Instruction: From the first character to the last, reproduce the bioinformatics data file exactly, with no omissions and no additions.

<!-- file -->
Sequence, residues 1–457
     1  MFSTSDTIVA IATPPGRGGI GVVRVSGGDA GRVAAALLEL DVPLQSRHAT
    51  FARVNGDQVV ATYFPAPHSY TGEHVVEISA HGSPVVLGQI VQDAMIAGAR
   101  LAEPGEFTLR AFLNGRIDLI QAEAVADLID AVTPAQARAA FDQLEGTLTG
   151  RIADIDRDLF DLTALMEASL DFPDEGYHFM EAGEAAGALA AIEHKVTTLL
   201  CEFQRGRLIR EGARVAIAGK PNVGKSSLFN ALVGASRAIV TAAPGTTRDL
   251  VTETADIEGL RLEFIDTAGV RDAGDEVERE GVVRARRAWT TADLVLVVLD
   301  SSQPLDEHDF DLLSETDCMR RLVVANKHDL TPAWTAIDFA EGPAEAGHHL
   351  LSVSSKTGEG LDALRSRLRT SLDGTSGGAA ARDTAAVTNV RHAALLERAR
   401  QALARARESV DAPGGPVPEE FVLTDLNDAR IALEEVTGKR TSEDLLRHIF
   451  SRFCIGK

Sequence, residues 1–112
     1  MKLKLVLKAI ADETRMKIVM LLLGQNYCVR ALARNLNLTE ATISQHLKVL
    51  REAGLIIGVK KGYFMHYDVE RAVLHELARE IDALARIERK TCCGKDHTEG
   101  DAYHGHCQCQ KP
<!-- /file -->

Sequence, residues 1–457
     1  MFSTSDTIVA IATPPGRGGI GVVRVSGGDA GRVAAALLEL DVPLQSRHAT
    51  FARVNGDQVV ATYFPAPHSY TGEHVVEISA HGSPVVLGQI VQDAMIAGAR
   101  LAEPGEFTLR AFLNGRIDLI QAEAVADLID AVTPAQARAA FDQLEGTLTG
   151  RIADIDRDLF DLTALMEASL DFPDEGYHFM EAGEAAGALA AIEHKVTTLL
   201  CEFQRGRLIR EGARVAIAGK PNVGKSSLFN ALVGASRAIV TAAPGTTRDL
   251  VTETADIEGL RLEFIDTAGV RDAGDEVERE GVVRARRAWT TADLVLVVLD
   301  SSQPLDEHDF DLLSETDCMR RLVVANKHDL TPAWTAIDFA EGPAEAGHHL
   351  LSVSSKTGEG LDALRSRLRT SLDGTSGGAA ARDTAAVTNV RHAALLERAR
   401  QALARARESV DAPGGPVPEE FVLTDLNDAR IALEEVTGKR TSEDLLRHIF
   451  SRFCIGK

Sequence, residues 1–112
     1  MKLKLVLKAI ADETRMKIVM LLLGQNYCVR ALARNLNLTE ATISQHLKVL
    51  REAGLIIGVK KGYFMHYDVE RAVLHELARE IDALARIERK TCCGKDHTEG
   101  DAYHGHCQCQ KP